Tricky-to-emulate games

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At the very least the following games depend on hard-to-emulate or just obscure behavior:

  • Abarenbou Tengu and Captain Tsubasa 2 refer to CHR-ROM banks outside their size. On real hardware with CHR-ROM memories chips that have exact size, it does not matter as those PPU addresses are wrapped. So does most emulators. But if you are developing flash-cart that just pre-programs its flash/SRAM memory with the CHR-DATA without address wrapping, graphical bugs will happen. If you want to simulate that behaviour in emulator, increase CHR-ROM banks number in iNES header twice and paste zeros in the the CHR area
  • Adventures of Lolo 2, Ms. Pac-Man (Tengen), and Spelunker rely on 1 cycle NMI delay when PPUSTATUS ($2002) bit 7 gets set inside vblank (if $2002 has not been read yet), in which PPUSTATUS bit 7 can be read as true.
  • Balloon Fight relies on reading the nametables through PPUDATA ($2007) to twinkle the stars in the background. (The code is at $D603.) The scroll split in "Balloon Trip" also depends to an extent on the correct number of CPU cycles from the start of NMI to the start of display, but it's not particularly picky.
  • Bases Loaded II glitches after a pitch is thrown (screenshot) if writing $00 then $80 to PPUCTRL during vertical blank does not cause an additional NMI.
  • Battletoads requires fairly precise CPU and PPU timing (including the cycle penalty for crossing pages) and a fairly robust sprite zero implementation. It leaves rendering disabled for a number of scanlines into the visible frame to gain extra VRAM manipulation time and then enables it. If the timing is off so that the background image appears too high or too low at this point, a sprite zero hit will fail to trigger, hanging the game. This usually occurs immediately upon entering the first stage if the timing is off by enough, and might cause random hangs at other points otherwise.
  • Battletoads & Double Dragon reads from PRG-RAM region despite there being none on the cartridge[1]. The original cartridge relies on open bus behaviour, but if WRAM is present some pre-loaded values will cause the game to crash at the end of stage 1 when Abobo makes his first appearance.[2]
  • Bee 52 needs accurate DMC timing and relies on PPUSTATUS bit 5 (sprite overflow) as well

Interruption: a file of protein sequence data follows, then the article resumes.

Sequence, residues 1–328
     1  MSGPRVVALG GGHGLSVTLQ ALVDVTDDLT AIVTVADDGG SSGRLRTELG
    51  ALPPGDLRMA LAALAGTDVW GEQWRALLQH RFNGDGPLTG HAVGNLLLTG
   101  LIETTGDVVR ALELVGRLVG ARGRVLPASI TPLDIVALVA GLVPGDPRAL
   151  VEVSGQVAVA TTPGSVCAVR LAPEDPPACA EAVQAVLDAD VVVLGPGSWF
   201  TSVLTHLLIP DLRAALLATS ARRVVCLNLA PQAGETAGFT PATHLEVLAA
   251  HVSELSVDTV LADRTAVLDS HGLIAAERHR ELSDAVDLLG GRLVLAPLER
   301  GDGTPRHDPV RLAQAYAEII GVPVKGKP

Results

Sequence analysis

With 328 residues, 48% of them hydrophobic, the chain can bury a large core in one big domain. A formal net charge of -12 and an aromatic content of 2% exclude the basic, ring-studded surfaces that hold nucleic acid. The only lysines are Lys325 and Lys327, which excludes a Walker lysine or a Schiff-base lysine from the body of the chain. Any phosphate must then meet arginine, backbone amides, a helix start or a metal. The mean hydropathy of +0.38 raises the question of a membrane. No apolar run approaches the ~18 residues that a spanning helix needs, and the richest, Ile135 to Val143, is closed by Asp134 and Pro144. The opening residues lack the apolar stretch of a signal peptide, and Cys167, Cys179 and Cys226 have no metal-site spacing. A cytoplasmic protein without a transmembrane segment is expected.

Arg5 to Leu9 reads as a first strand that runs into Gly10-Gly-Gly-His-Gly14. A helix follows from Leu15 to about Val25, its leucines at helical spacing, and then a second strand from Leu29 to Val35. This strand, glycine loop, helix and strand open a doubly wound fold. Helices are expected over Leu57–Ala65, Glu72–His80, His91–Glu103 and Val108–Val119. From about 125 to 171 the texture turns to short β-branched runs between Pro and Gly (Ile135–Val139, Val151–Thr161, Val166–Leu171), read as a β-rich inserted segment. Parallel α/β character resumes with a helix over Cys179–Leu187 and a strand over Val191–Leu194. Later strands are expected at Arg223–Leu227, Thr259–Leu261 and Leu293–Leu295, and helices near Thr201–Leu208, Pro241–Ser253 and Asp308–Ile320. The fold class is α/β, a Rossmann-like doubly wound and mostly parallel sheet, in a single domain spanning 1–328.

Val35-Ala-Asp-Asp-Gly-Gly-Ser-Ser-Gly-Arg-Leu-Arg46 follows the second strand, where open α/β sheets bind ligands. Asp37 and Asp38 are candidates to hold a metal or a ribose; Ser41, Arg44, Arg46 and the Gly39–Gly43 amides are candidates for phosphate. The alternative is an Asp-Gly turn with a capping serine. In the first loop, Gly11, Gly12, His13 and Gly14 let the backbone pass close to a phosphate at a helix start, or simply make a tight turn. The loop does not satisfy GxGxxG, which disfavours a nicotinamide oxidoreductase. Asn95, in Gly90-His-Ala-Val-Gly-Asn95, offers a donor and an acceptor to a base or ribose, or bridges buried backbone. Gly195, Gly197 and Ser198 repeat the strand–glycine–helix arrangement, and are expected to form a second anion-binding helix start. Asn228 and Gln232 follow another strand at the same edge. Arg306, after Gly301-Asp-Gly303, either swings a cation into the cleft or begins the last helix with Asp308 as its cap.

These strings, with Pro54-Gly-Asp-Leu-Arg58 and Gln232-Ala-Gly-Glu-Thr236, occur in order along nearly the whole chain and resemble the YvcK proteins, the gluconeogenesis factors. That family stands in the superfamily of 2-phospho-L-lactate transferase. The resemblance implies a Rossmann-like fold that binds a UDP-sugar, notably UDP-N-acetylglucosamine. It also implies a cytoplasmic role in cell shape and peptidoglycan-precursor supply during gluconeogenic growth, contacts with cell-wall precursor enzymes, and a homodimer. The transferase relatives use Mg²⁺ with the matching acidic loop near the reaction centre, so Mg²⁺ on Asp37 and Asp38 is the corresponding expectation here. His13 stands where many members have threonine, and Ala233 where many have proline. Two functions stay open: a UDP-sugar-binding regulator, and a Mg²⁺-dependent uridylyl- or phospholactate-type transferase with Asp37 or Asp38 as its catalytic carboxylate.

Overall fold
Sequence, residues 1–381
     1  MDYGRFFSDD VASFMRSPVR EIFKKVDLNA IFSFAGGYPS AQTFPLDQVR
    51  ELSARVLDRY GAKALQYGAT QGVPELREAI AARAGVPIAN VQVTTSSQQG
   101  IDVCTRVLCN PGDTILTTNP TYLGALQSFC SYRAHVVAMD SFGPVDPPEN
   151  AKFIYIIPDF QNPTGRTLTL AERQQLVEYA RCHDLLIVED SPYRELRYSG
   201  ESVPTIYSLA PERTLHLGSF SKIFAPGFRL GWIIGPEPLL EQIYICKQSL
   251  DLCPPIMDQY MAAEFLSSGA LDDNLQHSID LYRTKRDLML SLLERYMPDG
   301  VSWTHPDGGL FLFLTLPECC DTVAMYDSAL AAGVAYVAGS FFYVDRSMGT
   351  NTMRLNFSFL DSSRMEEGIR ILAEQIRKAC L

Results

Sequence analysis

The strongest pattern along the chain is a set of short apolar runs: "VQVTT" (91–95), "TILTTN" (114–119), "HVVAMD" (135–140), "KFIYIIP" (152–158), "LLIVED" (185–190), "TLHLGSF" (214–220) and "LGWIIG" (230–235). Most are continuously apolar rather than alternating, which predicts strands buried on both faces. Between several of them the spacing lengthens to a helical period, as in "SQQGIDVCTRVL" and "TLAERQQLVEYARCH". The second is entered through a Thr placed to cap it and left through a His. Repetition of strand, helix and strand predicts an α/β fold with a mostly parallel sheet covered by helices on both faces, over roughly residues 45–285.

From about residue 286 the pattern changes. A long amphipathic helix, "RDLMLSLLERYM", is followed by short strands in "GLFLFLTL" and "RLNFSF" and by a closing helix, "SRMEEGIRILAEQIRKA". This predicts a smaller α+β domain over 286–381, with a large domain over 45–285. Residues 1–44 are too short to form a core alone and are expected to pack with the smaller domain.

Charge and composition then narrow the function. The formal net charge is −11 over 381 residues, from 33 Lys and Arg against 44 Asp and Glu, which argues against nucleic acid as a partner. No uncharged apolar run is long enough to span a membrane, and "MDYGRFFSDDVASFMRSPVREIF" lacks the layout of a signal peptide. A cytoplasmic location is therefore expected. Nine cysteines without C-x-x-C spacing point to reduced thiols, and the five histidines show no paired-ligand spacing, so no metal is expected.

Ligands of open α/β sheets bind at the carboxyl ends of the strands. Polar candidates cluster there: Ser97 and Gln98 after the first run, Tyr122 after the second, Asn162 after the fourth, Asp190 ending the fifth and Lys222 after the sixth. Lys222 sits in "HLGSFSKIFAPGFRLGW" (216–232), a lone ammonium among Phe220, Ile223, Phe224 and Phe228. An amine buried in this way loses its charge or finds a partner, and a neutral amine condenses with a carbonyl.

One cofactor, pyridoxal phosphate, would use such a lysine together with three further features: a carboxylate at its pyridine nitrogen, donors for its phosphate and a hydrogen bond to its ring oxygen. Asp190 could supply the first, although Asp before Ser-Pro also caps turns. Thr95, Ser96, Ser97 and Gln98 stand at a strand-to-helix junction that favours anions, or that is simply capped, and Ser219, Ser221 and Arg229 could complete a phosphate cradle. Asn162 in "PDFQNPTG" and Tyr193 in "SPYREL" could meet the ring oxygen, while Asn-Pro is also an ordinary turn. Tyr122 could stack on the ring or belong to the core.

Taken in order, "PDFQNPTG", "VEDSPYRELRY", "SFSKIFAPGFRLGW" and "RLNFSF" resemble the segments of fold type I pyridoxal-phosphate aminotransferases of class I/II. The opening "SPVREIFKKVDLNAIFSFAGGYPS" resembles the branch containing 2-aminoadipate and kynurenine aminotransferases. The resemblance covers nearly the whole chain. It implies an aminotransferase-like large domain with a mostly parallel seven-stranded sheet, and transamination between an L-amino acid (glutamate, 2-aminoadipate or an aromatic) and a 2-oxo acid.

• Bill & Ted's Excellent Adventure and a few other MMC1 games depend on the mapper ignoring successive writes; see iNES Mapper 001 (the talk page for that page might be informative too). Bill & Ted also turns off and re-enables rendering midframe to switch CHR banks (e.g. in the black border above dialog boxes).
  • Burai Fighter (U) accesses PPUDATA during rendering to draw the scorebar. Incorrect emulation clips the scorebar to half size. See the notes on accessing PPUDATA during rendering on the PPU scrolling page.
  • B-Wings writes to CHR ROM and expects the writes to have no effect. So do Krusty's Fun House and Trolls in Crazyland.[3]
  • Cobra Triangle and Ironsword: Wizards and Warriors II rely on the dummy read for the sta $4000,X instruction to acknowledge pending APU IRQs.
  • Crystalis, Fantastic Adventures of Dizzy, Fire Hawk, and Super Off Road do mid-frame palette changes.
  • Fire Hawk, Mig 29 Soviet Fighter, and Time Lord need accurate DMC timing because they abuse APU DMC IRQ to split the screen.
  • Galaxian requires proper handling of bit 4 of the P register for /IRQ.
  • G.I. Joe and Mickey in Letterland turn only sprite display off but correct timing of MMC3 IRQs requires that the sprite fetches still clock the scanline counter.[1]
  • Huge Insect depends on obscure OAMADDR ($2003) behavior; see PPU registers.
  • Low-G-Man reads from PRG-RAM despite there being no WRAM on the cartridge[4], causing a crash in the boss music code. The cartridge relies on open bus behaviour but the original iNES format cannot specify a board without WRAM. (Pre-filling WRAM with $FF also solves the problem.)